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Noggin the Nog Lives to Fight Another Day

2 May 2017

A terrible tale, with a happy ending - and a call for help

Half of all welfare cases dealt with by the BHS originate from the North of England, demonstrating just how serious the problems in the North of England really are.

Noggin the Nog discovered in a grim quagmireEmaciated ponies are unfortunately common place and our Welfare Officers need to be made of stern stuff in order to cope with the inevitable strain on emotions.  We are very lucky to have a superb team in place and they are an invaluable asset to us.

Year on year, the autumn market floods with cheap foals - coloured cob colts in particular are virtually worthless.  Four or five months down the line, unhandled, struggling with a worm burden and without supplementary food, these youngsters can deteriorate rapidly and often die. The RSPCA has taken in more than 50 ponies across County Durham alone since December 2016.

Noggin the Nog begins his recoveryOne particular case, however, has captured everyone's heart.  A large group, fly-grazing, were giving us all cause for concern and despite efforts to resolve the situation, ponies began to die.

The decision was make to seize the group because all were at great risk. The round-up went well, but thanks to a last minute decision to make a final sweep of the field by the RSPCA's Chief Inspector Mark Gent, a grim discovery was made.  Almost invisible in a sea of mud Mark found what looked like the remains of a dead youngster.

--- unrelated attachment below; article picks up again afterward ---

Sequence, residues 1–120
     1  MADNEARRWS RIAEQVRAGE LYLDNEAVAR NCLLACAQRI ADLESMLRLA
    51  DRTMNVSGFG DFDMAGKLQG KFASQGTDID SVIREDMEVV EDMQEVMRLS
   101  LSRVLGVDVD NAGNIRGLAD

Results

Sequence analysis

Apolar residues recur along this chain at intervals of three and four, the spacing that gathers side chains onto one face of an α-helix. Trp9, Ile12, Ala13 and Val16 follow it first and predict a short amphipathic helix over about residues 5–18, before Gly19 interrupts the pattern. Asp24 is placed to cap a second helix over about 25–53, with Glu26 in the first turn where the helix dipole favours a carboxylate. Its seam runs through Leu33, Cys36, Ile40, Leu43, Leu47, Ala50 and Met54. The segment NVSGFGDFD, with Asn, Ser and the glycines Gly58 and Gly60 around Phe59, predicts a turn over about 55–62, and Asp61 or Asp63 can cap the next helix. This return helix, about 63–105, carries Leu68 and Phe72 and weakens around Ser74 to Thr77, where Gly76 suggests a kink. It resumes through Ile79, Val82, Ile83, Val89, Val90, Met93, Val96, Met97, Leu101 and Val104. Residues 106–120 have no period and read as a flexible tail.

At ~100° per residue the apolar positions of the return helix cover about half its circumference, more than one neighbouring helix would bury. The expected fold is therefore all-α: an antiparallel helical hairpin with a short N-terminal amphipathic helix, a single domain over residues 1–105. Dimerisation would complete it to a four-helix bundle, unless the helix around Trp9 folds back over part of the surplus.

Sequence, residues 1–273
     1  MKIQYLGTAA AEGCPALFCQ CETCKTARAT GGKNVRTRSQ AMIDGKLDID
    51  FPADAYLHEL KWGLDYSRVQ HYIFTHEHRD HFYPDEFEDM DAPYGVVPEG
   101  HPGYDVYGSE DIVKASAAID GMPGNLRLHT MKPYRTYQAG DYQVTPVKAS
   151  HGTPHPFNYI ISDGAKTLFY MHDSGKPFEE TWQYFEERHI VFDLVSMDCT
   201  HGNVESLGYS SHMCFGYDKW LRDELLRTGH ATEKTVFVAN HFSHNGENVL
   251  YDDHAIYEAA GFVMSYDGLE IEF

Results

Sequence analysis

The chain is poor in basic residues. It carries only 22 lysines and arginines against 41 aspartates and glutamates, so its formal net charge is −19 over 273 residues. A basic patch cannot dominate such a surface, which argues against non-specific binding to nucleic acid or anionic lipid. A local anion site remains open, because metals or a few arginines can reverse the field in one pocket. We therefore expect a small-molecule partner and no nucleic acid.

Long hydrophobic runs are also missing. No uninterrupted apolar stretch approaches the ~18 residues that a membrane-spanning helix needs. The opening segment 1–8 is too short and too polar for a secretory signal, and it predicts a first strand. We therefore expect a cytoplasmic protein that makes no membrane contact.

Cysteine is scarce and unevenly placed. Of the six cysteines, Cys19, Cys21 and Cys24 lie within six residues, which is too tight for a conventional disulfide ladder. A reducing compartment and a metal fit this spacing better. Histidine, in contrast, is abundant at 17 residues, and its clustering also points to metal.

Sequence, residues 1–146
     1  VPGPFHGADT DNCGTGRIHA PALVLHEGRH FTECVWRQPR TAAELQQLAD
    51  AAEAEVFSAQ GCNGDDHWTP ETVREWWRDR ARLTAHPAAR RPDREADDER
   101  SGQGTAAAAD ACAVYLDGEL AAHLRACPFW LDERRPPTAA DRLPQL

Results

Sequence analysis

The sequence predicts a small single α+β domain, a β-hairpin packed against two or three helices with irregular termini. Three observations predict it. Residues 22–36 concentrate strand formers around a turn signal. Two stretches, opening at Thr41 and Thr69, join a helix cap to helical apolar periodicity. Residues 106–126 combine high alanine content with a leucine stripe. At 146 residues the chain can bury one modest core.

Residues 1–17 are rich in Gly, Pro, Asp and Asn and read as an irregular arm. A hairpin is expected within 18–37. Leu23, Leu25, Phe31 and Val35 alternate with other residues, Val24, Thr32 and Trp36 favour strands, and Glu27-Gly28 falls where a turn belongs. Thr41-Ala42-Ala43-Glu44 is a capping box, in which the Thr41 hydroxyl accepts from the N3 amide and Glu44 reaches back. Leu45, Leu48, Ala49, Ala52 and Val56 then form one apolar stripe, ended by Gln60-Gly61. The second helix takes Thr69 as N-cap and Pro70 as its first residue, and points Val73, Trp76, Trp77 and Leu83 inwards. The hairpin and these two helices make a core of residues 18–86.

The pictures go some way to show the horror of the situation - and the subsequent rescue - which meant 'Noggin the Nog' will live to fight another day.  You will no doubt see and hear more of Noggin in the weeks and months to come, but his case draws attention to yet another serious problem.A much happier, healthier Noggin the Nog

The need for foster homes

Ugly ducklings need time to grow into swans but time is expensive for any charity and experienced horse owners with a spare slot on their yard for a foster foal, yearling or two year old are thin on the ground.

The benefits of running youngsters with a companion of the same age are without question and we recognise that temporary fostering involves generosity and commitment, so we are appealing to members with an altruistic streak for their help.

Foster homes are needed across the UK.  If you feel able to help, or can make a donation, please contact Wendy Suddes who can direct you to the right person.

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